Someone send this article to Larry Craig:

Civil unions between male couples existed around 600 years ago in medieval Europe, a historian now says.

Historical evidence, including legal documents and gravesites, can be interpreted as supporting the prevalence of homosexual relationships hundreds of years ago, said Allan Tulchin of Shippensburg University in Pennsylvania.

If accurate, the results indicate socially sanctioned same-sex unions are nothing new, nor were they taboo in the past.

Western family structures have been much more varied than many people today seem to realize," Tulchin writes in the September issue of the Journal of Modern History. "And Western legal systems have in the past made provisions for a variety of household structures.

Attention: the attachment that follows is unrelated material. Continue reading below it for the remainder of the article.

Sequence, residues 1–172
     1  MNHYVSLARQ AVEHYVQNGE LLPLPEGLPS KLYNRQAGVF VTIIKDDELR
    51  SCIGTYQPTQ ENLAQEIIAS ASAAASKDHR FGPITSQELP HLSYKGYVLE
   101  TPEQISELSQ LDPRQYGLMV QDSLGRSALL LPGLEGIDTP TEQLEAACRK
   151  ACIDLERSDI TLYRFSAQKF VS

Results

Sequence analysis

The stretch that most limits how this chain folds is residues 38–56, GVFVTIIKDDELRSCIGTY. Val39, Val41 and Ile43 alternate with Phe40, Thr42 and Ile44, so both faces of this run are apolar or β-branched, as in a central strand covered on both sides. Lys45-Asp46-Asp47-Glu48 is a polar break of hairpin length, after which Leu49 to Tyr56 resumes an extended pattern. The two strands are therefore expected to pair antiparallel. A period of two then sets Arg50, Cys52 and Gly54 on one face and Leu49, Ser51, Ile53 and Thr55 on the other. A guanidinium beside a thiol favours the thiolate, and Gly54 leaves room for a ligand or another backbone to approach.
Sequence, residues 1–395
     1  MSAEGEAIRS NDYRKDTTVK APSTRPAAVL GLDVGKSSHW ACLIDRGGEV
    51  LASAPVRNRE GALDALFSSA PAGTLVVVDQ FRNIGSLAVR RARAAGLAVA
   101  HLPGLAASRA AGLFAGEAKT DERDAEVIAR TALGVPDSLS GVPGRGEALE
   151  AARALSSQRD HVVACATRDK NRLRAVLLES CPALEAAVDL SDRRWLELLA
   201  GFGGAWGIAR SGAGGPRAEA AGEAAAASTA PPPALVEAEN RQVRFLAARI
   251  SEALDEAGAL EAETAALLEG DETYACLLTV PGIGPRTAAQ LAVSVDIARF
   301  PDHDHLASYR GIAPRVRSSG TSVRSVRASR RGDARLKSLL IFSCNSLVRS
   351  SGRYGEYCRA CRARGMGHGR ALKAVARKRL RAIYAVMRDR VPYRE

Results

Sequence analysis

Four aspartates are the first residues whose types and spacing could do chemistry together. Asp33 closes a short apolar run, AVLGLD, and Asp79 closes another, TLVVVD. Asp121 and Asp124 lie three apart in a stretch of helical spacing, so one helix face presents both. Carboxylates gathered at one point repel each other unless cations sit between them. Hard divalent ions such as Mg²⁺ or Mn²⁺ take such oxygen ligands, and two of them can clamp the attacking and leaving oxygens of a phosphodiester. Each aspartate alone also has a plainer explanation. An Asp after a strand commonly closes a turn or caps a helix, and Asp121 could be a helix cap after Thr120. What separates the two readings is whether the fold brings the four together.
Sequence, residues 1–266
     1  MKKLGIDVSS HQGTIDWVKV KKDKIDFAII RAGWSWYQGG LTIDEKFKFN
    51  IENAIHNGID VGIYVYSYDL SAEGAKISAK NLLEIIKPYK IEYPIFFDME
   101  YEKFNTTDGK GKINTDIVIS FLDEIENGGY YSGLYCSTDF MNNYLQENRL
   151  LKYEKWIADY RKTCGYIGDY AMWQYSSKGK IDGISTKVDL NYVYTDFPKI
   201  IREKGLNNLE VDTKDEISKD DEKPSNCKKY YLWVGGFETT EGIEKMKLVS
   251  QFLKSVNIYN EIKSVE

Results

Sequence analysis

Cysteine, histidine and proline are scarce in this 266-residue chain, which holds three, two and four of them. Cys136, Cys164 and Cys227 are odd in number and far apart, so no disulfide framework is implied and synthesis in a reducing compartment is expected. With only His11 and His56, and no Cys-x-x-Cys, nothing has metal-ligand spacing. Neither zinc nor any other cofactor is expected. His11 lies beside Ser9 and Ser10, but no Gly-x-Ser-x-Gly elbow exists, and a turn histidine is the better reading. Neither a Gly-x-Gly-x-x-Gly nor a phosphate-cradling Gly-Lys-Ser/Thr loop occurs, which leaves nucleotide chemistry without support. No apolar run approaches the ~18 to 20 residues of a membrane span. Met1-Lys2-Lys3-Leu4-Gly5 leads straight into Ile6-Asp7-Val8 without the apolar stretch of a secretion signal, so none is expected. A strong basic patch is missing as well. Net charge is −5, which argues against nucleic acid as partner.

For example, he found legal contracts from late medieval France that referred to the term "affrerement," roughly translated as brotherment. Similar contracts existed elsewhere in Mediterranean Europe, Tulchin said.

In the contract, the "brothers" pledged to live together sharing "un pain, un vin, et une bourse," (that's French for one bread, one wine and one purse). The "one purse" referred to the idea that all of the couple's goods became joint property. Like marriage contracts, the "brotherments" had to be sworn before a notary and witnesses, Tulchin explained.

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